Genetic modification, a process used to change an organism's genes and hence its characteristics, is now being used to improve trees. Through genetic modification, it is possible to create trees that produce more fruit, grow faster, or withstand adverse conditions. Planting genetically modified trees on a large scale promises to bring a number of benefits.
First, genetically modified trees are designed to be hardier than natural trees; that is, they are more likely to survive than their unmodified counterparts. In Hawaii, for example, a new pest-resistant species of papaya tree has been developed in response to ringspot virus infestations that have repeatedly damaged the native papaya-tree population. Planting the genetically modified papayas has largely put an end to the ringspot problem.
Moreover, genetically modified trees promise to bring a number of economic benefits to those who grow them. Genetically modified trees tend to grow faster, give greater yields—of wood, fruit, or other products—and be hardier. This allows tree farmers to get faster and greater returns on their farming investment and save on pesticides as well.
Finally, the use of genetically modified trees can prevent overexploitation of wild trees. Because of the growing demand for firewood or building timber, many forests around the world are being cut down faster than they can be replaced. Introducing genetically modified trees—designed for fast growth and high yield in given geographic conditions—would satisfy the demand for wood in many of those areas and save the endangered native trees, which often include unique or rare species.
The lecture casts doubt on the passage which claims that planting genetically modified trees on a large scale promises to bring a number of benefits. Instead, the professor says that genetically modified trees bring more damage than benefits.
First of all, the passage states that genetically modified trees are designed to be hardier than natural trees. Thus, they are more likely to survive than natural counterpart. However, the professor denies the passage by arguing that genetically modified trees are less likely to survive. Since they are genetically uniform, hence, if they encounter the climate condition that was omitted by developers, they would be completely wiped out easily.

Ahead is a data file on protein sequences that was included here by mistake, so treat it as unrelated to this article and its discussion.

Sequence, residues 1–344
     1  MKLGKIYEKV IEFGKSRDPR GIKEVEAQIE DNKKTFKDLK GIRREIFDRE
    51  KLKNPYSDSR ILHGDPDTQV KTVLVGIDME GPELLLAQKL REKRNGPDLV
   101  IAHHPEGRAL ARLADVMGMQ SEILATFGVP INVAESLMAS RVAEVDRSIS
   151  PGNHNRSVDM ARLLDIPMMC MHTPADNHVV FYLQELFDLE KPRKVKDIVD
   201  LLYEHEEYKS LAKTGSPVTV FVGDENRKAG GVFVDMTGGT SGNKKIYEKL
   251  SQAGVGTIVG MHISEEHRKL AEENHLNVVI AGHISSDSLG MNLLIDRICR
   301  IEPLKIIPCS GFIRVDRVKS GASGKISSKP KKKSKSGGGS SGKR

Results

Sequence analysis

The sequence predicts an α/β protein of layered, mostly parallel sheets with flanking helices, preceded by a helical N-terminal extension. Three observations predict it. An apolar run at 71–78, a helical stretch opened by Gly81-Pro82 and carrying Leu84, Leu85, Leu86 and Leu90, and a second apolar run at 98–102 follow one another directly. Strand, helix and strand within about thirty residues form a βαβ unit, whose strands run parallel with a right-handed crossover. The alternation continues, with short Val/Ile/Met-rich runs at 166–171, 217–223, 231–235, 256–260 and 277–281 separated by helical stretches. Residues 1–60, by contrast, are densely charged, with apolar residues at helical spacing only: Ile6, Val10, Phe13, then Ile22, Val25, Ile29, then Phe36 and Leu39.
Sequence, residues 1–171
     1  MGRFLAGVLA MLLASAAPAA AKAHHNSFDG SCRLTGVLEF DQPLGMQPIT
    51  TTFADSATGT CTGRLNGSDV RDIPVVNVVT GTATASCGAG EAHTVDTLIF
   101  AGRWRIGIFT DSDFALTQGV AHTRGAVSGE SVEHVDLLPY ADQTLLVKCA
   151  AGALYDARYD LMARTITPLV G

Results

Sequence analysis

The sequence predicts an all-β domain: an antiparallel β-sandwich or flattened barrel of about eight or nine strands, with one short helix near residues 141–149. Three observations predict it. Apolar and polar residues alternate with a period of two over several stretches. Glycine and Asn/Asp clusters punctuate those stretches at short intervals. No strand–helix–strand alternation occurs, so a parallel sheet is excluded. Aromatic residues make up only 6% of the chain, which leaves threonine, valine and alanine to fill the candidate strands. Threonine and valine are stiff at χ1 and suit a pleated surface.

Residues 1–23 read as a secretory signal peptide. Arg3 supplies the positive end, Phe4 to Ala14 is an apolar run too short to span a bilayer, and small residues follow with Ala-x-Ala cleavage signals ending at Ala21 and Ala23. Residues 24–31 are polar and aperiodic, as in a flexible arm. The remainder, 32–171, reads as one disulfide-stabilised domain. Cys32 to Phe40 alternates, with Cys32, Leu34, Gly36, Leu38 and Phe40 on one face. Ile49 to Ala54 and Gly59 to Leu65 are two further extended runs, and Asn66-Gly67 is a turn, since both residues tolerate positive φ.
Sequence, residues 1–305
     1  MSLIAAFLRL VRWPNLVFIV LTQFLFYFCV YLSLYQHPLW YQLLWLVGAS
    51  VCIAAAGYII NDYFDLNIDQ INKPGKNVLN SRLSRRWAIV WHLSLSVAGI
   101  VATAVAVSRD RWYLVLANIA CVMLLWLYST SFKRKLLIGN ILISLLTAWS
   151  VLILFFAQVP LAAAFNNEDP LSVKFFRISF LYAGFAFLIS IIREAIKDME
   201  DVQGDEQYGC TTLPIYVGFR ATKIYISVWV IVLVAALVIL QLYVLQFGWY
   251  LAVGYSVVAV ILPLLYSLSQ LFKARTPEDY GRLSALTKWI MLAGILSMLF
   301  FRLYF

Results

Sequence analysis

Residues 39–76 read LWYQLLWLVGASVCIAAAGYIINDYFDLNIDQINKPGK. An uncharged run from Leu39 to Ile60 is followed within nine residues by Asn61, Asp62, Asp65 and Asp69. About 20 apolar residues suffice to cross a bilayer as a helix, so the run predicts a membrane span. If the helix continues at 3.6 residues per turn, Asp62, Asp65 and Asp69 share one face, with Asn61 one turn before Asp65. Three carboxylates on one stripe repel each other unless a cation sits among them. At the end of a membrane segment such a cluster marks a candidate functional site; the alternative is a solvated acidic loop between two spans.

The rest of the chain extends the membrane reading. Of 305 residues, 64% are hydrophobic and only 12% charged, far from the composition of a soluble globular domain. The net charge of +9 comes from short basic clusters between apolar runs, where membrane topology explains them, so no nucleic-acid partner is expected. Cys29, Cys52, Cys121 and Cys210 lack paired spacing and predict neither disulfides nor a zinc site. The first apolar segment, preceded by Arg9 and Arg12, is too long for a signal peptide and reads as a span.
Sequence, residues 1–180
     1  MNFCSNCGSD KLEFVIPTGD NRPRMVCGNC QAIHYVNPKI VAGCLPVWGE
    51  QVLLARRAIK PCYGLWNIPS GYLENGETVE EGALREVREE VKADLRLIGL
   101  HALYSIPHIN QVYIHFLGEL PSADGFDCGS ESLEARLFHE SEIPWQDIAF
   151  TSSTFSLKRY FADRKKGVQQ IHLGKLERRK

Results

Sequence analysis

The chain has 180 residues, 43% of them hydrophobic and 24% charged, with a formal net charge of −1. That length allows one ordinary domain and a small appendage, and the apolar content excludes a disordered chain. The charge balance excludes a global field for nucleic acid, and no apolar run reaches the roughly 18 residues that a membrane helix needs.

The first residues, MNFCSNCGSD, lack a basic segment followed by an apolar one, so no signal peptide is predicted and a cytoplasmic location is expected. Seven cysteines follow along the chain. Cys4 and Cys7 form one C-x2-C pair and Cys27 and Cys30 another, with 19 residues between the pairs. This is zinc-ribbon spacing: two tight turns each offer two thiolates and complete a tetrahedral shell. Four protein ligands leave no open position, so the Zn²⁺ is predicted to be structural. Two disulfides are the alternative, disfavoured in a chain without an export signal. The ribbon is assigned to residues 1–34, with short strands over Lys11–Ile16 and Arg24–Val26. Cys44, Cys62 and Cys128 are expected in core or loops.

Second, the passage says that since genetically modified trees give greater yields, they can bring a number of economic benefits to farmers who grow them. Yet the professor disagree with the passage. Rather, the professor argues that genetically modified trees bring greater costs. Because the company that sell them charge farmers more money. Moreover, the law stipulates that farms have to pay the company every time they plant the genetically modified seeds.
Finally, the passage claims that genetically modified trees can prevent overexploitation of wild trees, and can save the endangered native trees. Because they are designed for fast growth and high yield, which are perfect for growing demand for firewood or building timber. Nevertheless, the professor refutes the passage by pointing out that they may crowd out native trees. Since genetically modified trees tend to grow more aggressively, so they would compete for resources with native trees.
- Do you agree or disagree with the following statement It is more important to keep your old friends than it is to make new friends Use specific reasons and examples to support your answer 60
- Genetic modification a process used to change an organism s genes and hence its characteristics is now being used to improve trees Through genetic modification it is possible to create trees that produce more fruit grow faster or withstand adverse conditi 80
- Do you agree or disagree with the following statement Teachers should not make their social or political views known to students in the classroom Use specific reasons and examples to support your answer 77